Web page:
The best of Google Earth for March 2016

Fifth Anniversary of the Japanese Earthquake and TsunamiThis month saw the fifth anniversary of the Great East Japan Earthquake and Tsunami. In memory of the disaster, Google released fresh Street View and aerial imagery. Some was captured soon after the disaster and some much more recently. Because the older aerial imagery would not be visible in the default layer, Google pushed the fresh imagery and other imagery from around the world that had been added earlier into historical imagery. This allowed us to create imagery update maps. This in turn gave us the opportunity to look at a few interesting places in the new imagery.

Sri Lanka gets Street ViewThis month Sri Lanka got Street View. Although the blue outlines do not show in Google Earth, the Street View is available and there is a lot to explore. We also had a look at the Batcave in Street View and some Thailand Street View captured with the Trekker.
 
 
 

Lexington Financial Center vanishesThanks to a tip from GEB reader Jackson, we discovered that several buildings in Lexington, Kentucky have not been rendered correctly in Google’s 3D imagery.
 
 
 
 

Watching Antarctic Ice Sheets Crack with Landsat ImageryThe posts we most enjoyed writing this month involved creating animations. The first used Landsat imagery to watch an Antarctic ice sheet as it cracks. Then we had a look at the growth of artificial islands, first in the Persian Gulf region and then the rest of the world.
 
 

Google’s Skybox Imaging renamed Terra BellaGoogle acquired satellite imaging company Skybox back in 2014 and this month renamed it to Terra Bella. The name change is intended to indicate a change of focus from just a satellite imaging company to pioneering the search for patterns of change in the physical world.
 
 

Fairy circlesWe had a look at fairy circles in Namibia and Australia and also found similar patterns in other parts of the world. Thank you to GEB reader for linking to this Google Earth Community post on the topic. It includes a KML that shows the extent of fairy circles in Namibia.
 
 

The Oklahoma EarthquakesWe had a look at the cluster of earthquakes in Oklahoma caused by pumping waste water from drilling operations into deep wells. As was noted in the comments by GEB reader David Newton the vast majority of these quakes were not big enough to cause damage.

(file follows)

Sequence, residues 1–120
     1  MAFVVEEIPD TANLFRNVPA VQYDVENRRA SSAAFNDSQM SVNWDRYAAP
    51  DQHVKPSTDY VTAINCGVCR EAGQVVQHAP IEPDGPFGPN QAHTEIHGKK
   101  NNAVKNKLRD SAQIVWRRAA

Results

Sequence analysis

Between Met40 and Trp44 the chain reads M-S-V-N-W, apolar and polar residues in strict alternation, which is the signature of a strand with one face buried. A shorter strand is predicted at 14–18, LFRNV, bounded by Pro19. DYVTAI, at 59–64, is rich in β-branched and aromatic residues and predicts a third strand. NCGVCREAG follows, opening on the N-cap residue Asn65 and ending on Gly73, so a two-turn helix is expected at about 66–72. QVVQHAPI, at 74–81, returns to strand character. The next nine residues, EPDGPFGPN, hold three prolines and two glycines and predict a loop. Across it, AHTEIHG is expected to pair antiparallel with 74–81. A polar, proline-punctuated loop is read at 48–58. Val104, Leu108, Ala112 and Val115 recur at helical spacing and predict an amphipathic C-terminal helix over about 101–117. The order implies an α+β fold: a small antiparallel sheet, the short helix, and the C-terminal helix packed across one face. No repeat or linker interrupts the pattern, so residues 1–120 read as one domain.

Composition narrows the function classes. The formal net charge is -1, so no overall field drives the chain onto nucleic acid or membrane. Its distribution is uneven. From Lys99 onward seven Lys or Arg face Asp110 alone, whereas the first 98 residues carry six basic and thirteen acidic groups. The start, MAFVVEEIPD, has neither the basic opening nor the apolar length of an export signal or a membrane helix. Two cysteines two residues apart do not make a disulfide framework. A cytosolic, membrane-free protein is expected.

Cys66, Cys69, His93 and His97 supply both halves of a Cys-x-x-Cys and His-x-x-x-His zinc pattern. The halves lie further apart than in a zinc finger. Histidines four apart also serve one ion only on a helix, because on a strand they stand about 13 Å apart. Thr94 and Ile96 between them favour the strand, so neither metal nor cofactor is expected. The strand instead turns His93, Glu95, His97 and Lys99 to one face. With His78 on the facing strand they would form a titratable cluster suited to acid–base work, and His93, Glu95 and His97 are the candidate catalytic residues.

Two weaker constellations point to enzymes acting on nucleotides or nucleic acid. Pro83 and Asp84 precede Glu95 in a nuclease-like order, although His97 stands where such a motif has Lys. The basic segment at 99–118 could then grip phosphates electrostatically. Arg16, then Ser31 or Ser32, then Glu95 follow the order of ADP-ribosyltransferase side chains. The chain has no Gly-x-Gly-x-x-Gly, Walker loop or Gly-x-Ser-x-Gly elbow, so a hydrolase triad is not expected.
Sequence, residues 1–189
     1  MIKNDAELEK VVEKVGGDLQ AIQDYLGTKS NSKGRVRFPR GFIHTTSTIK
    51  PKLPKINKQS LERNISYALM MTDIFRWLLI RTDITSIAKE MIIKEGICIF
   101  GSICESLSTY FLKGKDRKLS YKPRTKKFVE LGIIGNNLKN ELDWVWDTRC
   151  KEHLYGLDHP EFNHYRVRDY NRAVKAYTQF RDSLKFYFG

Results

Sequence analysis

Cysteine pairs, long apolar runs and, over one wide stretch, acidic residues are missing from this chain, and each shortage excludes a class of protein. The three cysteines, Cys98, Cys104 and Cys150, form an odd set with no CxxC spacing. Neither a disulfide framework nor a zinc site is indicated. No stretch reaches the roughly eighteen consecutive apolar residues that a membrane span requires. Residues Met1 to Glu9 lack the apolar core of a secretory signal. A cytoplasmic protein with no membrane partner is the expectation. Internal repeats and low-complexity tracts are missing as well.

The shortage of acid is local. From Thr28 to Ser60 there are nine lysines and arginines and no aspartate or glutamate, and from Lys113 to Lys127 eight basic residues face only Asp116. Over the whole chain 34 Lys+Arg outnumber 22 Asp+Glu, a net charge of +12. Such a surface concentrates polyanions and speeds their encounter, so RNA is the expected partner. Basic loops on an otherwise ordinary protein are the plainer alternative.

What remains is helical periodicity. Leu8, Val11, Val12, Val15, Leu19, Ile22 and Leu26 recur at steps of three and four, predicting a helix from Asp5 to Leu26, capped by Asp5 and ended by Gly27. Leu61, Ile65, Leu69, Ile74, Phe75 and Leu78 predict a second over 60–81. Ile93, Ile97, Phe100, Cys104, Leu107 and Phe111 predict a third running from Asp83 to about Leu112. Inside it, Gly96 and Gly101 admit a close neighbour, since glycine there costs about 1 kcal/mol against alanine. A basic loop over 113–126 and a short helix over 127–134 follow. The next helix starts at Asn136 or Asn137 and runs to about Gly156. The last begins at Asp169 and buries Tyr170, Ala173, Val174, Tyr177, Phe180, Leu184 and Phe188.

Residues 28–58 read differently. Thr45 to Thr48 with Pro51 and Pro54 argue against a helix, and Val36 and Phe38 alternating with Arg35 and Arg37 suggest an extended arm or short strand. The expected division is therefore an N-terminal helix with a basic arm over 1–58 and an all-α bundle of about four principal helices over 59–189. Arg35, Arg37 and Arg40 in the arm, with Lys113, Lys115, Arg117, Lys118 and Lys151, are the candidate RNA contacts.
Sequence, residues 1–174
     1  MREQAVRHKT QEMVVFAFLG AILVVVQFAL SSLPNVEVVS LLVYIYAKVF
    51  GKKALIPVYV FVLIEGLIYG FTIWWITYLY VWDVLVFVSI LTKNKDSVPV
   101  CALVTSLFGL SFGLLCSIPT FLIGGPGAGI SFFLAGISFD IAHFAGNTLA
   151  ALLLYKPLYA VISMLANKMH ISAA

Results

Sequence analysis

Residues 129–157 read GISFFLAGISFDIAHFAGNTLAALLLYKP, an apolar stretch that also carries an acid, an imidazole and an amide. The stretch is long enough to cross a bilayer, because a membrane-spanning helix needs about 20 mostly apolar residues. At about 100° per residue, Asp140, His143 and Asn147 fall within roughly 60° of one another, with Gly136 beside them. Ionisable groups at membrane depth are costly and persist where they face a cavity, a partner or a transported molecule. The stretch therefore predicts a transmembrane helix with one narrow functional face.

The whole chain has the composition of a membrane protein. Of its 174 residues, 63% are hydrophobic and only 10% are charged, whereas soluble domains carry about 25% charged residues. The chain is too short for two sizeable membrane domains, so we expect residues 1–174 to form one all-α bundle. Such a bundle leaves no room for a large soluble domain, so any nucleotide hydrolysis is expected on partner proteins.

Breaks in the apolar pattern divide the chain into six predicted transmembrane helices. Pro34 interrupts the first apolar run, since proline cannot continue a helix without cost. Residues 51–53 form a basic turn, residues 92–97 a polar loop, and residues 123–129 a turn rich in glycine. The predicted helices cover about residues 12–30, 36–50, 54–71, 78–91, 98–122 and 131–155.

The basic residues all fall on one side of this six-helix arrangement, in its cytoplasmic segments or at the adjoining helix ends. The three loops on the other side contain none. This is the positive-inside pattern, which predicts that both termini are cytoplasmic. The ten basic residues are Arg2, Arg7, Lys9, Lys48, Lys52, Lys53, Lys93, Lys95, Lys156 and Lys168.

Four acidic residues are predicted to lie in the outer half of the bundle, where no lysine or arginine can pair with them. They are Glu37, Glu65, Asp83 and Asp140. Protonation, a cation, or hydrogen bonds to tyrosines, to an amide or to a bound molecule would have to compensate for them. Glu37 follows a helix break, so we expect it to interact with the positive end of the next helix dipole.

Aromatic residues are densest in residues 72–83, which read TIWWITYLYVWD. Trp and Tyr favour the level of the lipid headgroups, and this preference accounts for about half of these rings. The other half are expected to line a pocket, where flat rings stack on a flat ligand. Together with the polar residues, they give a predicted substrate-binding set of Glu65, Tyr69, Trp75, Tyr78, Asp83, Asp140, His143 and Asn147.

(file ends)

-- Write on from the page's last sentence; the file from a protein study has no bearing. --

Caching Google Earth imagery with path toursWe provided a few tips and tricks for Google Earth:
* We had a look at a technique for caching Google Earth imagery using Google Earth ‘line tour’ feature.
* We created a tool for reducing the size of KML files by reducing the precision of the latitudes and longitudes.
* We showed you how to create custom icons.
* We had a look at advanced techniques for formatting the print options in Google Earth Pro.
 

How it works: Classifying Placemarks by RegionWe showed you how our code for determining whether or not a point is inside a polygon works.
 
 
 
 

Street View portals to Mars, the Moon and AtlantisWe discovered Street View portals to the Moon, Mars and Atlantis.

About Timothy Whitehead

Timothy has been using Google Earth since 2004 when it was still called Keyhole before it was renamed Google Earth in 2005 and has been a huge fan ever since. He is a programmer working for Red Wing Aerobatx and lives in Cape Town, South Africa.






PLEASE NOTE: Google Earth Blog is no longer writing regular posts. As a result, we are not accepting new comments or questions about Google Earth. If you have a question, use the official Google Earth and Maps Forums or the Google Earth Community Forums.



PLEASE NOTE: Google Earth Blog is no longer writing regular posts. As a result, we are not accepting new comments or questions about Google Earth. If you have a question, use the official Google Earth and Maps Forums or the Google Earth Community Forums.